03/09/06 — Duplin targets stopping youth gangs

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Duplin targets stopping youth gangs

By Bonnie Edwards
Published in News on March 9, 2006 1:54 PM

KENANSVILLE -- Duplin County lawmen say gangs are trying to recruit young people across the county and the Sheriff's Office has applied for a $100,000 state grant to attack the problem.

Capt. Timmy Jones said investigators have seen signs of gang activity at several schools. Gang graffiti has been seen scrawled on restroom walls and in some students' notebooks, he said. Students have been seen wearing clothing suggestive of gang membership.

"It's in all the schools, north, south, east and west," he said. "We confiscated from one kid a notebook called 'the gang member's book of knowledge.' We're not to the point where people need to be petrified. Just be alert and vigilant. And alert us about any suspicious activity. We're only as good as our citizens. You're our eyes and ears."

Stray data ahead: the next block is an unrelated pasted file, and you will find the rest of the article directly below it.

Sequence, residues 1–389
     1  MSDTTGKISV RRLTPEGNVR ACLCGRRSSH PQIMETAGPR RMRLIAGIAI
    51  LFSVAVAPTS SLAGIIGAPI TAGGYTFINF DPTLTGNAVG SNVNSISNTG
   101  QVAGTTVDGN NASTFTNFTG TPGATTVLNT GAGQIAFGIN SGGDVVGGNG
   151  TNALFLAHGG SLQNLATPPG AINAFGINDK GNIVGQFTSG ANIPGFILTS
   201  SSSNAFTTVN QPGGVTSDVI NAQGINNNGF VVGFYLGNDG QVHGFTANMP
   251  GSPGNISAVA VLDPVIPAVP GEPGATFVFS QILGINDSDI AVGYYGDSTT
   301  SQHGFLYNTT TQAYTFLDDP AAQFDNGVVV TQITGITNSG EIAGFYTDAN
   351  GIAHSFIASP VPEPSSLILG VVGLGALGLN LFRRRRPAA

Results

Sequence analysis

The grant money would be used to place a law enforcement officer in schools to teach students how to be aware of gang activity and the dangers it poses. The grant also would allow the office to hire a liaison person to work with law officers and other community agencies to ensure that gang activity is monitored and that any criminal activity associated with gangs is kept in the public eye.

"If we determine that the crime is gang-related, we want to make sure they're not slapped on the hand and sent back home," Jones said.

Jones said some of the graffiti indicates that would-be gangs in the county might be associated with Hispanic gangs that have sprung up in other counties around the state, such as MS 13. A liaison officer might well be someone who speaks Spanish and can communicate better with Hispanic students, he said. But he added that law enforcement officers are not targeting Hispanics.

He urged residents to actively help law enforcement deal with the problem before it grows.

If people sit in their homes and say, 'nothing's going on here,' the gangs "will take over all communities, black, white and Hispanic," he said. "Our common cause is to make this a safe place for kids to learn and live."